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Re: Forms - 1 label for 2 selects?


From: Jukka K. Korpela
Date: Aug 6, 2004 6:05AM

On Fri, 6 Aug 2004, tim.beadle wrote:

> This must be one of the few times where usability and accessibility are
> in conflict with eachother.

I don't think so. There are cases where a dropdown is better for usability
but worse for accessibility; this however is not one of those cases.
Besides, in such cases a set of radio buttons is usually a better
solution than either a dropdown or a text input box.

> If you read "Defensive Design for the Web"
> by 37 Signals, they actually recommend using drop-downs for
> date-selection, for the simple reason that it restricts what values can
> be entered, and thus frustrates the user less.

That's normally bogus. It is surely more frustrating to have to make three
selections (day, month, year) from dropdown lists, which might be quite
long, than to type in a date.

> Guideline 10:
> "Provide sample entries, pull-downs and formatting hints to ensure clean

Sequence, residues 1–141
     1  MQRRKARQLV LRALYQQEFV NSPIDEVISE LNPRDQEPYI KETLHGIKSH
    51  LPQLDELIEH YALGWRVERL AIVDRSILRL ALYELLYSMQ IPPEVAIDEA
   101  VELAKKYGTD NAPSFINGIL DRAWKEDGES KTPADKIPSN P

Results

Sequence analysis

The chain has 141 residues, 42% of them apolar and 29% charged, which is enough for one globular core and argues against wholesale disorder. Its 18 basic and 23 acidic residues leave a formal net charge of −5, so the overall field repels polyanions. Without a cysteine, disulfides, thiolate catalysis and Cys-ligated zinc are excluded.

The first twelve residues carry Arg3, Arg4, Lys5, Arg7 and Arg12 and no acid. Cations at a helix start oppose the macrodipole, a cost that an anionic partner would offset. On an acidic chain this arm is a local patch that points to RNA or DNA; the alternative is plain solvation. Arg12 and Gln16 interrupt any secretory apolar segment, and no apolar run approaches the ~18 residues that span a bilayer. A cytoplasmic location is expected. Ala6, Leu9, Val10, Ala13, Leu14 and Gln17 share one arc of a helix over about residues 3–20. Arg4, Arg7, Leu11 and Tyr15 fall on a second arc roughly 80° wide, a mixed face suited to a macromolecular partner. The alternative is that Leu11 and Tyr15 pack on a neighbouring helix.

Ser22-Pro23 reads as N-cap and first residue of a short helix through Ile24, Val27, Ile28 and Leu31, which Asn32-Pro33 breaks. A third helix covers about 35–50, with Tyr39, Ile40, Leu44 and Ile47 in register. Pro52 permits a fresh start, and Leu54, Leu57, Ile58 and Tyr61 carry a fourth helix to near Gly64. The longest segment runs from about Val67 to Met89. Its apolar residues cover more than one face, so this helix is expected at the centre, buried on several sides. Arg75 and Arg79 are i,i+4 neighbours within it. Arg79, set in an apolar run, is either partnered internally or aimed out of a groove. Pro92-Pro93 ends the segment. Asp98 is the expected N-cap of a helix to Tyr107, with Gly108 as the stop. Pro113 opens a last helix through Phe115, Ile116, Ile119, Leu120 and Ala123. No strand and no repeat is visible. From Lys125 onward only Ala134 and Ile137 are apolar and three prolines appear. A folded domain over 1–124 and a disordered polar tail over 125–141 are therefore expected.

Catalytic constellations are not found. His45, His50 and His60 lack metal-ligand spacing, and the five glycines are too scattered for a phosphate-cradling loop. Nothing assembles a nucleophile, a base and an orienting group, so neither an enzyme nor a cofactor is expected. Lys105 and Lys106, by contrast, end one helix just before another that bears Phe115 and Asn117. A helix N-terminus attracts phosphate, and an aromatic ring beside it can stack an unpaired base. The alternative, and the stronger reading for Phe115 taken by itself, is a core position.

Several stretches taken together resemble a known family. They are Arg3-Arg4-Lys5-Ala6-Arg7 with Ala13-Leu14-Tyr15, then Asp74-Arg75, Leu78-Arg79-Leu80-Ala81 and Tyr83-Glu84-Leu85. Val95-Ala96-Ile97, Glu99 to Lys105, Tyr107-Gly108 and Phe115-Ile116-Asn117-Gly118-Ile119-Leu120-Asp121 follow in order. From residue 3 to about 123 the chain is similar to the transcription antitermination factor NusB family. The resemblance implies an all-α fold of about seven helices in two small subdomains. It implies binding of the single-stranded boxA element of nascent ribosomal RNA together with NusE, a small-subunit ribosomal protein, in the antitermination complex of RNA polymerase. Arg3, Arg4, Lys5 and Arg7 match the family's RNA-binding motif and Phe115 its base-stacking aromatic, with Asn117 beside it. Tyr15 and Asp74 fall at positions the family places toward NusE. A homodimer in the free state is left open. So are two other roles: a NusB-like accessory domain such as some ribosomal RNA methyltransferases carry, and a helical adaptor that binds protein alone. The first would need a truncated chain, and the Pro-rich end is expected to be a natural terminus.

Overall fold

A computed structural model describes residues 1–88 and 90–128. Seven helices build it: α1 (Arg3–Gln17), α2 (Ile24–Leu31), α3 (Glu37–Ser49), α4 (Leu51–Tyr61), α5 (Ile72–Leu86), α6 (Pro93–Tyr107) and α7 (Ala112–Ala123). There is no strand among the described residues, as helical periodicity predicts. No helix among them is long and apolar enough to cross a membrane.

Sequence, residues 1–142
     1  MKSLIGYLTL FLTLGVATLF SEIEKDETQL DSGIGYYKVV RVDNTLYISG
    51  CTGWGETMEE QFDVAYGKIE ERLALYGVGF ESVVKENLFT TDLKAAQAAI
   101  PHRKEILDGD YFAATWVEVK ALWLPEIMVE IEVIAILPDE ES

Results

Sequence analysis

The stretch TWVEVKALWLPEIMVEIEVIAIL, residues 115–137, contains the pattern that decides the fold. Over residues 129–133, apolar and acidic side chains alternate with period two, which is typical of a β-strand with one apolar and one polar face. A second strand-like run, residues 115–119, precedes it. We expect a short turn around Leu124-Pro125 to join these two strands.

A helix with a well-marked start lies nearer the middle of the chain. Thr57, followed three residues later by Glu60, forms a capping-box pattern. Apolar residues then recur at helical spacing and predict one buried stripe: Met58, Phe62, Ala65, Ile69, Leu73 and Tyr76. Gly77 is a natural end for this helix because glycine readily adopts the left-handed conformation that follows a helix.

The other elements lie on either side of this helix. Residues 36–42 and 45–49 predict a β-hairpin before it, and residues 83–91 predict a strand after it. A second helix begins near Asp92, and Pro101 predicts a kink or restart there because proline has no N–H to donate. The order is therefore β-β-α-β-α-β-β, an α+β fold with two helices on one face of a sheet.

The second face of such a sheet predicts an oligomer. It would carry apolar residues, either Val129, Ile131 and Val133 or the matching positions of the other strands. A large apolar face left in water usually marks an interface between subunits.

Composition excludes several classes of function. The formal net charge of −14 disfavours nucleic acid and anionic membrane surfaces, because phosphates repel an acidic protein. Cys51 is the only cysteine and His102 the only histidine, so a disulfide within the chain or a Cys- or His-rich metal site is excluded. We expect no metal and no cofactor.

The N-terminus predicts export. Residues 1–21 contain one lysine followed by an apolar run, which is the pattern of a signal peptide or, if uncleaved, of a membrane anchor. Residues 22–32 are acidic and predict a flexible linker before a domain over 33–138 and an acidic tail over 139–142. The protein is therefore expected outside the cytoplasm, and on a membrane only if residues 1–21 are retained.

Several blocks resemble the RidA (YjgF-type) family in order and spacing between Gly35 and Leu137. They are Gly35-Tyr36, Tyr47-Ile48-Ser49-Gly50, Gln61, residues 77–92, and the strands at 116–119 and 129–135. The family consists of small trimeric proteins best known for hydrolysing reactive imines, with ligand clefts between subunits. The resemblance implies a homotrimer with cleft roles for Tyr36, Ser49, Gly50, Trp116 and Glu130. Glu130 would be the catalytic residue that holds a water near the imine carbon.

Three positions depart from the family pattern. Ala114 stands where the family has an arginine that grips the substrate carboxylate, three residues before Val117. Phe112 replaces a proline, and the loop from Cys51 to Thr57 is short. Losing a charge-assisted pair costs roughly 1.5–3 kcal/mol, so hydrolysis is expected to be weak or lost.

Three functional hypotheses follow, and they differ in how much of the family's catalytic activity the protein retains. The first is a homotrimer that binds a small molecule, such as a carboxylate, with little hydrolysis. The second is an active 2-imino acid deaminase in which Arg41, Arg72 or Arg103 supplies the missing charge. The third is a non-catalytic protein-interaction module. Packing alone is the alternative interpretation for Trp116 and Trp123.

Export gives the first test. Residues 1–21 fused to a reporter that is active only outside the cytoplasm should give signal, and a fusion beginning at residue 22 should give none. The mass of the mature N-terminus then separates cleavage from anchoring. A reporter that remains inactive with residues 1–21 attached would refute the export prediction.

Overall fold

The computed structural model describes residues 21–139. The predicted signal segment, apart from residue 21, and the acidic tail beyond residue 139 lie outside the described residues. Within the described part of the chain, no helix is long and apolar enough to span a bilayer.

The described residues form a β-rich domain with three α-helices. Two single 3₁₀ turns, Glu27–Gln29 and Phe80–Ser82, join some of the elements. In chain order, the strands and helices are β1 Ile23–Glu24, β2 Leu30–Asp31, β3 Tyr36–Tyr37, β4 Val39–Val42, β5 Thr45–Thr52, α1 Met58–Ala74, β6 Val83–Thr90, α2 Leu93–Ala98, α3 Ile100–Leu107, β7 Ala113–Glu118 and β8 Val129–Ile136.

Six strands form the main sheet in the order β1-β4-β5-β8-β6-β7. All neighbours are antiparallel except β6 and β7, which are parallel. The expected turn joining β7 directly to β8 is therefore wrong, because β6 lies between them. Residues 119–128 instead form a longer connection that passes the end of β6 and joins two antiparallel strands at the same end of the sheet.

> data".

That's worse than bogus, since such things do _not_ ensure clean data.
On the Web, all arriving data is to be presumed dirty until proven clean.
The server side form data handler _must_ check _everything_, for
fundamental security reasons.

You need to tell the user what the expected input is. If you can make
browsers behave so that incorrect data cannot be entered, fine. Use
whatever markup and/or client-side scripting for the purpose, as long as
the user gets nice feedback when he tries to enter incorrect data.
But don't try too hard, since the data must be checked at the server side

In this particular case, what the user is asked to do is to enter expiry
date of a credit card. What could possibly be more natural than to type in
what's printed on the card itself?*) The rest should be the burden of the
system designer, not the user.

*) If desired, you could run some client-side script that checks that the
data is in correct format. But that's probably overkill, since it needs to
be checked server-side anyway, and users can reasonably be expected to be
extra careful when entering credit card information.

Jukka "Yucca" Korpela, http://www.cs.tut.fi/~jkorpela/